Last week we said goodbye to our Emergency Coordinator Tracy Stover as she boarded a plane for Dadaab, Kenya, where hundreds of thousands of refugees are in need of food and water. Watching her heavily loaded backpack disappear into the crowd at Sea-Tac airport, I found myself wondering, can one person really make a difference?
Tracy will be serving in the midst of the worst crisis facing the world today. The U.N. estimates 12.4 million people are now in need of humanitarian assistance. Half a million children are at risk of death from famine.
Figures like this cause us to wonder if even thousands of aid workers and millions of dollars can make a difference.
But Tracy is not going alone. She and the rest of the World Concern team working in the Horn of Africa have the support of donors. Like an invisible, potent force, those who are giving to this cause are making it possible for aid workers to save lives.
Can one person make a difference?
Anyone whose heart was touched by the tragic passing of 9-year-old Rachel Beckwith knows the answer is yes. Rachel’s legacy will live on for decades as entire villages will have clean water for generations to come because of her selfless act.
You can make a difference too. And you don’t have to do it alone. Most people will help if they are simply asked. Here are a few ways you could do that:
Host a dinner for friends. Ask each person to bring a potluck dish to share. Present some information about the famine in the Horn of Africa. Include stories of people who are hungry and in need. Ask everyone to consider donating whatever they would have spent on a nice dinner out to help families survive this disaster.
Sixty dollars can provide food and water for a family for a month. Think about that: the cost of one meal in a restaurant can keep five people alive for an entire month.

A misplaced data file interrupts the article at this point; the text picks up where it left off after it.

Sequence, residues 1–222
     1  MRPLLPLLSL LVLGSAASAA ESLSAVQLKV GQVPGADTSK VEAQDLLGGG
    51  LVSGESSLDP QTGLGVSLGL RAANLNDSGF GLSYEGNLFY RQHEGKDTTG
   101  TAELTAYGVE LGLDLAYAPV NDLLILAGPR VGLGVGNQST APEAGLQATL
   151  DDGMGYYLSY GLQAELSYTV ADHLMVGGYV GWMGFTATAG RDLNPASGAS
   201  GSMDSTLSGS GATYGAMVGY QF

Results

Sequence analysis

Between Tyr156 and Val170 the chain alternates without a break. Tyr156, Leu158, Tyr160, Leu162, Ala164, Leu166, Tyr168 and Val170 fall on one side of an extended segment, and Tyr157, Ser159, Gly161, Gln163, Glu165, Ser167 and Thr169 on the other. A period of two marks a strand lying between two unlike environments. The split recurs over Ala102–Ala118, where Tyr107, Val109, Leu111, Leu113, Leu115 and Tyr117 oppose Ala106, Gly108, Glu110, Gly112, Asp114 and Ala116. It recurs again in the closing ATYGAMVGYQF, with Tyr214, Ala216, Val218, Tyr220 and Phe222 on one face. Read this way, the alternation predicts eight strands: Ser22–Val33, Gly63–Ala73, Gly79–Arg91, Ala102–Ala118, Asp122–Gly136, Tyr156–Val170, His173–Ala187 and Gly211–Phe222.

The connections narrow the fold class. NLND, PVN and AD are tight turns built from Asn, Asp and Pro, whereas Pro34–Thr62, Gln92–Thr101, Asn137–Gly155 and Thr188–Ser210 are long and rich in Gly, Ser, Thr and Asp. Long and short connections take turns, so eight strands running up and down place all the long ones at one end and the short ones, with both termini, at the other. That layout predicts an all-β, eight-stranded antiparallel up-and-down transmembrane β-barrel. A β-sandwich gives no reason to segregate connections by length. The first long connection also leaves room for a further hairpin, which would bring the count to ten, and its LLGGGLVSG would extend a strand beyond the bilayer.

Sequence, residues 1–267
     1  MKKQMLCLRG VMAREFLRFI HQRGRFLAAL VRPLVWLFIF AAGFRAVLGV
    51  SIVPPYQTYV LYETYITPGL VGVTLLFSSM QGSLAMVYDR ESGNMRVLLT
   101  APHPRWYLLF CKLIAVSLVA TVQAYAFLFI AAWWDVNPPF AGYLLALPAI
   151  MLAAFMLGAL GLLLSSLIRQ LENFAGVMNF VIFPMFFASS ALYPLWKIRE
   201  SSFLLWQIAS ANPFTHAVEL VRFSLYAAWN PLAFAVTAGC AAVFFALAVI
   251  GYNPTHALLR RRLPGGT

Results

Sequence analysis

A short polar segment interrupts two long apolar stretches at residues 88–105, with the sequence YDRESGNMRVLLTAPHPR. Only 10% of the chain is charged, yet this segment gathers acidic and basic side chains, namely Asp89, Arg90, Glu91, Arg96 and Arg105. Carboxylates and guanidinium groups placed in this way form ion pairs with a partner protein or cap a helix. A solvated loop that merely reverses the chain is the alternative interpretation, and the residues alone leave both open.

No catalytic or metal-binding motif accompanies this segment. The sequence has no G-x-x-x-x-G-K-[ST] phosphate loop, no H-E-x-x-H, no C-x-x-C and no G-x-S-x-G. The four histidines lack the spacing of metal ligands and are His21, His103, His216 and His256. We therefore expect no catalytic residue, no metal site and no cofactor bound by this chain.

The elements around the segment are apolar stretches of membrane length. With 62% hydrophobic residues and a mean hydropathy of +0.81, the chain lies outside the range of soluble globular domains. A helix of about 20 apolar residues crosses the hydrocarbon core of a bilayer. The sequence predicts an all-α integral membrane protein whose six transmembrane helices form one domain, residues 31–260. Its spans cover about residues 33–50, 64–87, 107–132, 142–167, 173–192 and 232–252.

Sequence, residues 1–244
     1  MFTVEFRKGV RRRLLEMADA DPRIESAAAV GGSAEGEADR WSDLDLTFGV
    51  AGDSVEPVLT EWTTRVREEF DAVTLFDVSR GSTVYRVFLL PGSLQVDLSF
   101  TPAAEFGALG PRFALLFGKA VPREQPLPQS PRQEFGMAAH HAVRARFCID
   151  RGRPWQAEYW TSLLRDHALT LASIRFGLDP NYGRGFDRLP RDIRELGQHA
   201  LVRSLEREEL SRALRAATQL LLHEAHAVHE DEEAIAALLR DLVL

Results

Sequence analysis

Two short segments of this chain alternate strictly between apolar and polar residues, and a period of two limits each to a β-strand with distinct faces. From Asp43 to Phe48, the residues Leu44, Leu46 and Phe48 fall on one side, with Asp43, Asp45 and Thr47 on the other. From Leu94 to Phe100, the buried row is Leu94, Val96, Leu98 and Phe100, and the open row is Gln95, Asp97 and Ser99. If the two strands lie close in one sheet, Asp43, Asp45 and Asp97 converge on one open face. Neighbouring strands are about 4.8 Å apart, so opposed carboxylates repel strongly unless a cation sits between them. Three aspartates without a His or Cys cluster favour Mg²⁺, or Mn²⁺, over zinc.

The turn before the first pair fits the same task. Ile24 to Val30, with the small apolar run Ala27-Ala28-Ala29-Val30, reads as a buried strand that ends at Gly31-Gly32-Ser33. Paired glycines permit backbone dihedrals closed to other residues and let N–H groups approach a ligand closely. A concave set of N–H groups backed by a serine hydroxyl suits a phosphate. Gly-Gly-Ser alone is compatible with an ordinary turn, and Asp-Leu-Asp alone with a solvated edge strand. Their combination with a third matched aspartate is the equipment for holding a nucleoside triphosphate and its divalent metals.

Hold a garage sale or rummage sale. Round up some friends at your church and ask members to donate unused clothing and household items for a charity sale. Donate the proceeds to help in the famine relief.
You can also dedicate a birthday, anniversary or even a day’s work to the cause. World Concern partner One Day’s Wages is raising funds to support the famine response. Check out their personal fundraising tools and think about what you could do to create your own fundraiser.
Our team pulled out of Dadaab shortly after breakfast, on the road to Somalia. It’s a dry, dusty road, with thorny bush on either side. The road itself is badly rutted, so weave along the ditch, following two tire tracks in the sand. Occasionally, we jump up on the road and dip down the embankment to the other side, continuing the weaving through acacias, sand flying in little rooster tails behind us.
Following closely is our security escort, a good natured sergeant in the Administration Police, and three kids so green they barely shave. They get sent to the border fresh out of school, to work them in for a few years. Now, they chase behind us through the thorny wasteland.
The only sign of life are the dik-diks, meercats, and the birds. The birds are also a sign of death. The road is littered with cattle carcasses, at least one every kilometer, and the Marabou storks gather around them. I have never seen so many Marabou storks before. They are the undertakers of the animal kingdom, overdressed in their black coats, strutting awkwardly around, and omnipresent at a funeral. As we pull into Liboi, I notice the storks are bigger than the goats, or even a small child. And they are everywhere.
While we take some tea in Liboi, it starts to rain. Irony. Rain in a drought. But this isn’t really rain. I only notice it on my specs. It’s such a fine drizzle, my clothes don’t get wet, and the ground is no less dusty.
We head on, through a few checkpoints, and we are there. It comes as a bit of surprise, really. Our escort actually had to pull us over, so we didn’t cross the line. The Somalia border is signified by a stone. “That tree is Somali,” said our guide, “and this tree is a Kenyan.” As we waited for our vehicle from Somalia, we walked past the stone and looked around.
This was it. I was in Somalia. There were bullets in some of the trees, a battle had been fought here. One of the soldiers handed me a shell. “Your souvenir,” he said.
I returned to Liboi for a few hours, while I waited for the team in Somalia. At the borehole, warthogs jostled with goats for water. They told me even giraffes and gazelles came into town to get water now. “What about the lions?” I asked. There are about 20 out there, was the response, but they haven’t come into town. Later I met a refugee, who had seen a man killed by a lion attack in his travels.